Don't talk to Joe Craig about Gettysburg or Manassas. Not unless you want to hear the voluble, gray-ponytailed ranger at Saratoga National Historical Park denounce the Civil War as "the Budweiser of American history."
It's a sunny, off-season Saturday afternoon, and Craig holds forth in the nearly empty Saratoga visitor center, where there's not a double-decker tour bus in sight, let alone a strip of cheesy tourist traps. Yes, the ranger confesses, he's used that Budweiser line a few times before. But what can you do when you're a custodian of one of the most significant and lovingly preserved American battlefields and you're always playing second fiddle to . . . that other war?
Saratoga, often called the turning point of the American Revolution, was fought in this rolling landscape of fields and forests on the west bank of the Hudson River, about 30 miles north of Albany and 10 miles southeast of Saratoga Springs, N.Y. My wife and I have stolen a weekend to check out the battlefield where, in the fall of 1777, an overconfident British general known as "Gentleman Johnny" Burgoyne got his comeuppance at the hands of a rebel army led by, among others, the most famous traitor in American history.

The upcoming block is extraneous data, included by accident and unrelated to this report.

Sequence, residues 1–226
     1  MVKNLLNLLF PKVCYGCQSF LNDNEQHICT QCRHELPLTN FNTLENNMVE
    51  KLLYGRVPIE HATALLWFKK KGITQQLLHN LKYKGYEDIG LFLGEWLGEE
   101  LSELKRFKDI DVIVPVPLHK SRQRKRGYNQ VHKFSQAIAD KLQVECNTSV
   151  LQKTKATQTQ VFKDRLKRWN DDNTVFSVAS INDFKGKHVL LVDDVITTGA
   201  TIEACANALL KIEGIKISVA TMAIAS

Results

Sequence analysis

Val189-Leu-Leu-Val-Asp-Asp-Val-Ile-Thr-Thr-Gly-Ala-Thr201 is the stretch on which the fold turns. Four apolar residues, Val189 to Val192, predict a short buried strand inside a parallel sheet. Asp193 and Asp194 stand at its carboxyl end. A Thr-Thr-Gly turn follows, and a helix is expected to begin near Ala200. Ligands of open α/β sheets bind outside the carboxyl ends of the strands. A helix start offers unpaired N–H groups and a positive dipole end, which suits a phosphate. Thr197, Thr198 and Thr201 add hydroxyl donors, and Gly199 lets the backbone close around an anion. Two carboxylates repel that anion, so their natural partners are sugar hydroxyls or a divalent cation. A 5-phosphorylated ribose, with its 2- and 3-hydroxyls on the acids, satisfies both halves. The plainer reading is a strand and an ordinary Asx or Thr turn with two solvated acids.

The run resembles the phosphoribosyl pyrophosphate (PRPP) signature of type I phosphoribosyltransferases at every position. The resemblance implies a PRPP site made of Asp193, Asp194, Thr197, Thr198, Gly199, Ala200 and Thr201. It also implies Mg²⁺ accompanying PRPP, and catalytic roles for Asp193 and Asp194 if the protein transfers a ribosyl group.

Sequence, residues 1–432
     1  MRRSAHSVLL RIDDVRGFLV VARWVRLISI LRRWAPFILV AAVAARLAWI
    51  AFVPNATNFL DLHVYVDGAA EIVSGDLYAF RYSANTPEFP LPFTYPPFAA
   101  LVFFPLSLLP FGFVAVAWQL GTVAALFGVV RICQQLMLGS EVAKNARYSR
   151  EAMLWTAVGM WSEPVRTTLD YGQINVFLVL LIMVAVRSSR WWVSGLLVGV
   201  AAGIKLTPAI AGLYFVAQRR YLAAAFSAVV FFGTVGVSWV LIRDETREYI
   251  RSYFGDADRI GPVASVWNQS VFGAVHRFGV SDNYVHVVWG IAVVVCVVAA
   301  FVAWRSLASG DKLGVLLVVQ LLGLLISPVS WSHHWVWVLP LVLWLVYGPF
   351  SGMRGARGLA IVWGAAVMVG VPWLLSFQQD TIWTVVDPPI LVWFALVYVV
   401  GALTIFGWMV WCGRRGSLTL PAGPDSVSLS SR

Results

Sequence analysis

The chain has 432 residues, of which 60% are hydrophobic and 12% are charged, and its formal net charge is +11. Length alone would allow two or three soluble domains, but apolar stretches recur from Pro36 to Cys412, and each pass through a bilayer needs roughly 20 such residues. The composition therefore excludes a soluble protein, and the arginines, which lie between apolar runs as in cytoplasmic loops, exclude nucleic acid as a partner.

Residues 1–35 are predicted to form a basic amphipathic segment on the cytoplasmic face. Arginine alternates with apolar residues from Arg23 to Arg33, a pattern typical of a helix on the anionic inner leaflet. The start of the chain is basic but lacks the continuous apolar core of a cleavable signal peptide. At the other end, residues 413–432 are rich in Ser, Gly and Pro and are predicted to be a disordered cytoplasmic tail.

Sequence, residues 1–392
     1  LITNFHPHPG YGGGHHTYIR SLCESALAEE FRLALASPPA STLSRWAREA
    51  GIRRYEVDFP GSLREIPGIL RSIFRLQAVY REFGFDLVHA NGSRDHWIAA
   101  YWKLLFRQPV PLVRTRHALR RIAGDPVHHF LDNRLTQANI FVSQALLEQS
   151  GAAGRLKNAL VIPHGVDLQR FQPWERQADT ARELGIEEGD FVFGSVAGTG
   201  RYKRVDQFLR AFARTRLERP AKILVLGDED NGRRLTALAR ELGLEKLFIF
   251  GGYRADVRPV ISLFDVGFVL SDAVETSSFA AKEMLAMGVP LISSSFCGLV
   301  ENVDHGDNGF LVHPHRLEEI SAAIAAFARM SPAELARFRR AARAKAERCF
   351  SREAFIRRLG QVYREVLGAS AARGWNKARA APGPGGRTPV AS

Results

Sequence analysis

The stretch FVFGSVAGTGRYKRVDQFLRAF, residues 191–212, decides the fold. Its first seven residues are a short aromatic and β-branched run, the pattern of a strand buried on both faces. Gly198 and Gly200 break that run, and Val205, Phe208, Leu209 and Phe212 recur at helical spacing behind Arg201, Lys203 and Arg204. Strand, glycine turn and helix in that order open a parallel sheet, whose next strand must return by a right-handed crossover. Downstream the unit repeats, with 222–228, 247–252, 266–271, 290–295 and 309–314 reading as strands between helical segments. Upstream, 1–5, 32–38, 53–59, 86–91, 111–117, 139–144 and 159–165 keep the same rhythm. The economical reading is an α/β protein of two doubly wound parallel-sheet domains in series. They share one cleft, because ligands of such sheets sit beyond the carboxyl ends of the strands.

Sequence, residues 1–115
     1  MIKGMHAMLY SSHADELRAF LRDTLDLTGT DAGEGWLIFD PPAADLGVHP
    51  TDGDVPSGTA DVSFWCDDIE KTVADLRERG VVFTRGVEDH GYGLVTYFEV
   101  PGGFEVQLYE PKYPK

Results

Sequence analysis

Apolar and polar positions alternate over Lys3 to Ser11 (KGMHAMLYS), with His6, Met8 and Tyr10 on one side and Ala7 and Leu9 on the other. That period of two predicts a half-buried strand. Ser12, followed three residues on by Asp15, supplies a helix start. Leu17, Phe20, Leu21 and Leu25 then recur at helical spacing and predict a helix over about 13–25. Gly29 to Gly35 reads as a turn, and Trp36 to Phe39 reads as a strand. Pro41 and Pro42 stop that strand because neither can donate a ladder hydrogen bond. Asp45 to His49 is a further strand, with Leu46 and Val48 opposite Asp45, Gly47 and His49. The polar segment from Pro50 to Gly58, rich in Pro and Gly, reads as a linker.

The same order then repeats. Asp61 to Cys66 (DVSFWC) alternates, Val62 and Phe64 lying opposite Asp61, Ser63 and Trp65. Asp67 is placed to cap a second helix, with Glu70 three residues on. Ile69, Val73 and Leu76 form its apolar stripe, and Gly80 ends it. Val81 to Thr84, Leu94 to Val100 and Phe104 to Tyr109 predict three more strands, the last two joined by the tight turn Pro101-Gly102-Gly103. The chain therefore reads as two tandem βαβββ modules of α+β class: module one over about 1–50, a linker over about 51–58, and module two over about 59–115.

Deborah is a willing and cheerful ally, but I'm the one who's been fascinated by Saratoga since I was 9. Don't ask me why, but the Budweiser War never did much for me back then. I didn't know squat about George Pickett's suicidal charge at Gettysburg or Stonewall Jackson's warp-speed marches up and down the Shenandoah Valley.